– – – SO MANY DATABASES … – – –
– – – WHICH ONE AM I SUPPOSED TO USE? – – –
“Libraries are simple. I can figure this out all by myself.
Wait — How do I get to the library website? And where are the databases I’m supposed to use?
I thought there was only one university research database. Just how many databases ARE there? Which one am I supposed to use?
I don’t know what to do, or where to look or who to ask. If I ask for help, will they think I’m stupid? I don’t want anyone to think I’m stupid.
I’ll just use Google . . .
This is a common reaction by new students beginning their first research paper at university.
If it’s been a while since they visited their local public library, they may not be aware of the vast changes in how libraries collect, store, index, and provide access to information. Or they may not be aware of the very real and immediate need to ask a librarian for assistance when faced with so many options.
It is often assumed that all libraries are identical. They aren’t familiar with the specialized services an academic library provides to students and faculty researchers.
Plus they are often overwhelmed by the technology involved in using library resources — such as databases — resources which index and provide access to such varied sources of information as books, ebooks, scholarly journal articles, or even statistical data.
Few expect to find over 1,000 subscription service databases available to them.
Selecting the specific database they need to begin a research project is the first major hurdle students face. Frustration often drives them to return to their old friend, Google, when they don’t know how to find or use Library resources. Google is not a reliable source of scholarly, or even accurate, information. This helps no one.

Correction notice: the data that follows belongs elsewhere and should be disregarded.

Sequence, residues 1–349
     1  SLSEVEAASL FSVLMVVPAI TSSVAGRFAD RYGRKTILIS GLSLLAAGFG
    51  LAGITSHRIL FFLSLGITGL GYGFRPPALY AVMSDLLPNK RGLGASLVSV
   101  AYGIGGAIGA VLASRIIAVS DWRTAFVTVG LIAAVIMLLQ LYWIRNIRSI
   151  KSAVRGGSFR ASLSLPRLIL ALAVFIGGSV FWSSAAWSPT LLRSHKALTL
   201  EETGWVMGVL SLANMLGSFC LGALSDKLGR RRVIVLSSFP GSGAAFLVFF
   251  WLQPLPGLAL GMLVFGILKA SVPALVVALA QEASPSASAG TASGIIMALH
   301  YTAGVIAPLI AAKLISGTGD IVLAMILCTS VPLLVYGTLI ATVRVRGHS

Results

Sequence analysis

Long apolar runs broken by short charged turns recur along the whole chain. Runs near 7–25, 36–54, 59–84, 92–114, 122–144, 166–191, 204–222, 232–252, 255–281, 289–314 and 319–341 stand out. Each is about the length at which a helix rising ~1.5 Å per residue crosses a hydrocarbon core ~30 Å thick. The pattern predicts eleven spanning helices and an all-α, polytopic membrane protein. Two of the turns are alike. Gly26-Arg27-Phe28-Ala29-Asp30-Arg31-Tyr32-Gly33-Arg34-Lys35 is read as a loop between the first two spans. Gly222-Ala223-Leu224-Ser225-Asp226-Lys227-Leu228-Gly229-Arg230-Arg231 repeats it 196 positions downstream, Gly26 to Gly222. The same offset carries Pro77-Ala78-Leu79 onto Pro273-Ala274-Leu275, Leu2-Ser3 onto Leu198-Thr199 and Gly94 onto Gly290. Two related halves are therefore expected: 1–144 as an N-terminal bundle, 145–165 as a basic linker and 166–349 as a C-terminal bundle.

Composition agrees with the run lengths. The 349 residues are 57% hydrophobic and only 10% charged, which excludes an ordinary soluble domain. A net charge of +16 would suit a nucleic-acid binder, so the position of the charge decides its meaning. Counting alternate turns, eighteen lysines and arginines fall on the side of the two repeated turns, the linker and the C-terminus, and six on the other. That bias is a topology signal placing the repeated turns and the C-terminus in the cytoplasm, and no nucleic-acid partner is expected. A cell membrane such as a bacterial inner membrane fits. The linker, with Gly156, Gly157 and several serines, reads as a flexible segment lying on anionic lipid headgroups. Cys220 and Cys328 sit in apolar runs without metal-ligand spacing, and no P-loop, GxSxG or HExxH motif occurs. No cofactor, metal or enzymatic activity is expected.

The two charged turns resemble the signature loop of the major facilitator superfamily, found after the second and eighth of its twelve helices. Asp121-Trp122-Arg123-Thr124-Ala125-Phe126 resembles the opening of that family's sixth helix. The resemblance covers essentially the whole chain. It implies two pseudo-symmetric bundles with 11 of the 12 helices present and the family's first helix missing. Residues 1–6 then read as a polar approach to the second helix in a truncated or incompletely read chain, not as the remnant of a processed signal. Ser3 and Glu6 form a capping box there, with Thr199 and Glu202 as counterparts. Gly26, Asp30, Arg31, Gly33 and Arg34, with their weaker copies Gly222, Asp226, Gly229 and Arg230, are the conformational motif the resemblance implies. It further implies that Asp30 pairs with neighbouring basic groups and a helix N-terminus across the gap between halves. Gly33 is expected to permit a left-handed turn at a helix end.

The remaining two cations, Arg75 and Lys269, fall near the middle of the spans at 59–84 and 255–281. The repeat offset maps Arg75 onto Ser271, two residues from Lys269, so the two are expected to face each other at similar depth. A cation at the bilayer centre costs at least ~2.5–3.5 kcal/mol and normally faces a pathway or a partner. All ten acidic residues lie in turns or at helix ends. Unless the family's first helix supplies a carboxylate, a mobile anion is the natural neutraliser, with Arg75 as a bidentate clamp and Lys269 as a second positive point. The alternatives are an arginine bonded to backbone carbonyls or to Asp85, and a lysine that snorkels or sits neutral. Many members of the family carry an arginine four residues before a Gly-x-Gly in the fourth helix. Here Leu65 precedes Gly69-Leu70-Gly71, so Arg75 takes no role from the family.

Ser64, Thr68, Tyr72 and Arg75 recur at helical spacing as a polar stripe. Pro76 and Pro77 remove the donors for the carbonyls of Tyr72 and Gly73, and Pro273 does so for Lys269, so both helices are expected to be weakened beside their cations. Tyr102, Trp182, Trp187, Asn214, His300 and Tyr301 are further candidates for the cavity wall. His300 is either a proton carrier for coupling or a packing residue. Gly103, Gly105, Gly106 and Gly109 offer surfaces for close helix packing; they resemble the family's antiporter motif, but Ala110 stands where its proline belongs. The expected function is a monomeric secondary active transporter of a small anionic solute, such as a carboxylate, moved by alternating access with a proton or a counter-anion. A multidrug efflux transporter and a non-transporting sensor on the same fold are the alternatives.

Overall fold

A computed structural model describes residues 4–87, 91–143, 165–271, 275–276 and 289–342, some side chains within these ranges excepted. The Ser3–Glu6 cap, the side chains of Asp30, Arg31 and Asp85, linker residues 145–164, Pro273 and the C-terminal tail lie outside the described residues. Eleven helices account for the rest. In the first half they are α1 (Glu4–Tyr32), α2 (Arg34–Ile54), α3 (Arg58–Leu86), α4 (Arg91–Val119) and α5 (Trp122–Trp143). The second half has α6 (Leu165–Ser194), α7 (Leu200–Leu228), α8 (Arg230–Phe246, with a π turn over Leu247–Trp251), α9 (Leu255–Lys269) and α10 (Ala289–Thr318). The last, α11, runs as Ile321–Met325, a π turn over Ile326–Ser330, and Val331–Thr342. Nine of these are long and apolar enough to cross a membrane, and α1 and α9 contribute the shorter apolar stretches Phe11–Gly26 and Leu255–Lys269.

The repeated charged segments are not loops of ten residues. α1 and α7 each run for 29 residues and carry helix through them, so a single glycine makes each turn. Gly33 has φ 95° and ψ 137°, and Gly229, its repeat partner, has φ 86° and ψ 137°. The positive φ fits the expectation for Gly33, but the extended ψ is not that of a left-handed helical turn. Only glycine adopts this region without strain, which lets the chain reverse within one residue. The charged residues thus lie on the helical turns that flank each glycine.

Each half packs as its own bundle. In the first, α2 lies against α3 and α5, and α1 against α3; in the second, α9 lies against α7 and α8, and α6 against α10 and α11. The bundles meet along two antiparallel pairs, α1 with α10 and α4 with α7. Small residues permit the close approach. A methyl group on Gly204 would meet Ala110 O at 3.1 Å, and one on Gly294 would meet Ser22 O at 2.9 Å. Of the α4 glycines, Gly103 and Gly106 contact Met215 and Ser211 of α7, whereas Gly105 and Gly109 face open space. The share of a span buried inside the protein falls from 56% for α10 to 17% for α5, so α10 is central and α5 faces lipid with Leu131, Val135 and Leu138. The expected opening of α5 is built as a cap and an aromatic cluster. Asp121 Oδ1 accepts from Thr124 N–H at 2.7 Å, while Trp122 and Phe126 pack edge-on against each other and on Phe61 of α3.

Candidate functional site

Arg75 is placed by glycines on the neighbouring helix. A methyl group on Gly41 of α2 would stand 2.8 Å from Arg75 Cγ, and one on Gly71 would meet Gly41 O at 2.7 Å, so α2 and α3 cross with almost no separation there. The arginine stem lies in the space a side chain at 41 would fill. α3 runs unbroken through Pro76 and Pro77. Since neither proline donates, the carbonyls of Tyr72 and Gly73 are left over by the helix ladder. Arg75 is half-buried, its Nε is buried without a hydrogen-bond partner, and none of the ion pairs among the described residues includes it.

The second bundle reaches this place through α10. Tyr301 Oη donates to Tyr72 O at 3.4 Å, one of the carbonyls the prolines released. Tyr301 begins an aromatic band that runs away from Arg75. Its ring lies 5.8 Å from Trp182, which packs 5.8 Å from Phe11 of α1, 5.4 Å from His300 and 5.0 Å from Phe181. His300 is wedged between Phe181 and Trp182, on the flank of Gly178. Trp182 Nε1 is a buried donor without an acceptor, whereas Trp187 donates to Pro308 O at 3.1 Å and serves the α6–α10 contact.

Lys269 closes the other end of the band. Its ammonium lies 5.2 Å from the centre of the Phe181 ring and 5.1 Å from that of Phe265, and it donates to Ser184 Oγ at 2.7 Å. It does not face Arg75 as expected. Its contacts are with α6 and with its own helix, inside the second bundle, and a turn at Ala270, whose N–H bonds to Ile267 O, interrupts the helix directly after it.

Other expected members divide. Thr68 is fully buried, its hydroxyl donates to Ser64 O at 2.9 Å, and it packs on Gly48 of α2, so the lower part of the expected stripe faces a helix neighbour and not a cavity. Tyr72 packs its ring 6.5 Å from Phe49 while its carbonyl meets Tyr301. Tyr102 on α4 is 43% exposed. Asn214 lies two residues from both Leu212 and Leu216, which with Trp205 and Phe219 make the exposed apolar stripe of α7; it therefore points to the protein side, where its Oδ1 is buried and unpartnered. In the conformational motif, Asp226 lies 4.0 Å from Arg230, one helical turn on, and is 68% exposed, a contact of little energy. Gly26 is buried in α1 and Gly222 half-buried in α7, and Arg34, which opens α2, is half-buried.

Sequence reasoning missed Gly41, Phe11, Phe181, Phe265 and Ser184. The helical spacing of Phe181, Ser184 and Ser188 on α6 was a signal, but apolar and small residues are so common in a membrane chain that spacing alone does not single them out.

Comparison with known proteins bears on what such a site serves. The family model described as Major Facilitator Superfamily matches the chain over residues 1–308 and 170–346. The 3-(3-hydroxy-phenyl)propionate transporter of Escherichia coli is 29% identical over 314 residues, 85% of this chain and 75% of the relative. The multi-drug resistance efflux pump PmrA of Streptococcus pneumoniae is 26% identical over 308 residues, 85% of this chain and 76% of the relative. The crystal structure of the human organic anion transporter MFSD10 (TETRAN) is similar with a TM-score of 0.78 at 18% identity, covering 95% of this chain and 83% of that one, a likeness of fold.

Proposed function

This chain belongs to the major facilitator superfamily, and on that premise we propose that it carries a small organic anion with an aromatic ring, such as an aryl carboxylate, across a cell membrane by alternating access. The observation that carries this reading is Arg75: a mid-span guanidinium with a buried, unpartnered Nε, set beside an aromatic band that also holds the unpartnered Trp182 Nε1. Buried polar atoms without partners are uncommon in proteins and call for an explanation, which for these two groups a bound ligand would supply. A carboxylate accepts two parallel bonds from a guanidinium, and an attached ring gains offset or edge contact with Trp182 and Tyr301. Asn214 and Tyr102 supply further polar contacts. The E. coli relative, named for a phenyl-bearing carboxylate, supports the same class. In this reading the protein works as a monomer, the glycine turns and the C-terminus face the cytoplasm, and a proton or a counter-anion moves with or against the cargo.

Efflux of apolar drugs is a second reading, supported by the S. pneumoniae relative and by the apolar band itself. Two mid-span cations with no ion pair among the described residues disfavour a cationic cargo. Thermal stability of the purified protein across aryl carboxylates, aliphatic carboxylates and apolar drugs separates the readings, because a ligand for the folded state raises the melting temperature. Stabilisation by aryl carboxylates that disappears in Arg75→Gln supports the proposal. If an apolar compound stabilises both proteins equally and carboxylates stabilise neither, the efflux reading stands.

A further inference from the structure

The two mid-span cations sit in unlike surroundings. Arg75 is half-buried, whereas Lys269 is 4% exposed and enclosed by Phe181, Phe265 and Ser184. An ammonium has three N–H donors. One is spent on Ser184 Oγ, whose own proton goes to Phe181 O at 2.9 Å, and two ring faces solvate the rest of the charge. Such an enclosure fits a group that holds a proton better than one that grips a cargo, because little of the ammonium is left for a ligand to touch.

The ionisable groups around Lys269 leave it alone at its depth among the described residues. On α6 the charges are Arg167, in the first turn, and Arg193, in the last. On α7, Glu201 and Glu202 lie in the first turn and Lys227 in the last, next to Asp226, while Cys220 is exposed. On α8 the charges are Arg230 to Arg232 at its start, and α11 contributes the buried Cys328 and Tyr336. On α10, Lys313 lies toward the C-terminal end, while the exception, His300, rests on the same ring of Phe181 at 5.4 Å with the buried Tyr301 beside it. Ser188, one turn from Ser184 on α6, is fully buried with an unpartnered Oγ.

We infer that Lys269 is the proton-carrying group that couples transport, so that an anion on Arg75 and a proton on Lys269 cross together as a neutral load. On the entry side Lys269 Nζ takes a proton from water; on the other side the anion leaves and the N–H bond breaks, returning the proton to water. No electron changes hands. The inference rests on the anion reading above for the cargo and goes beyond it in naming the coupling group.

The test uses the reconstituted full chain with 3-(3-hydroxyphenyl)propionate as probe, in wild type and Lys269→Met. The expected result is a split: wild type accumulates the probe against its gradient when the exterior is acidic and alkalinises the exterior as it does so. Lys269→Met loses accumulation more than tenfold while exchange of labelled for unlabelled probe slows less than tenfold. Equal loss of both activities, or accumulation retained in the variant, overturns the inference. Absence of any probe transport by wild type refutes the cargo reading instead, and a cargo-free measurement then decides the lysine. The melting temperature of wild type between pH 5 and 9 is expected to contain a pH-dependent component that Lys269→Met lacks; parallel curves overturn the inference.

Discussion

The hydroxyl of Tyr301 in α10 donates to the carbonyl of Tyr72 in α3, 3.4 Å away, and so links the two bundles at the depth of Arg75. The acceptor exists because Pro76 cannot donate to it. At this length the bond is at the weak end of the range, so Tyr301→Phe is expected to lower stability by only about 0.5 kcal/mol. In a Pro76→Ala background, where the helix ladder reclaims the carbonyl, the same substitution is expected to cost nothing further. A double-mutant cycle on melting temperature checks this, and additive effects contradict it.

The data libraries provide as part of their standard service today cannot be matched by search engines such as Google, Bing, or Yahoo. Search engines can only access materials that are available for free through open access on the internet. Any service, such as newspapers, magazines, scholarly journals or data services that require a subscription to get access are not available to any search engine. They are blocked from these resources, the very materials to of greatest value to researchers.
These are the very services that libraries DO provide.
As an example of the extent of this problem, Google can only provide access to approximately 17% to 25% of the resources an academic library makes available to its researchers. Worse — Google can only provide that much because a small portion of what libraries offer IS open source materials.
Think Google Scholar is able to get around that? Nope. Google Scholar simply re-directs it’s student users back to their own library, but without the ability to use multiple index search words, or limiters that allow users to select for things such as full text articles, peer-reviewed articles, or articles published in English language (all actual limiters available in most library databases).
Check the settings options in Google Scholar, and select for Libraries to see where it is redirecting.
Libraries organize a wide variety of online resources, including such things as useful statistical or data which governments and organization sites (that don’t require subscriptions) provide and are freely available for online access and use by anyone.
But Google can’t get at the scholarly journal or other databases the library pays for through its annual subscription The databases and other resources provided by the Library are far better choices to find and use research materials.
But — with over 1,000 current subscription databases available through Thompson Library, how does a researcher find which databases to use for any given research project or question?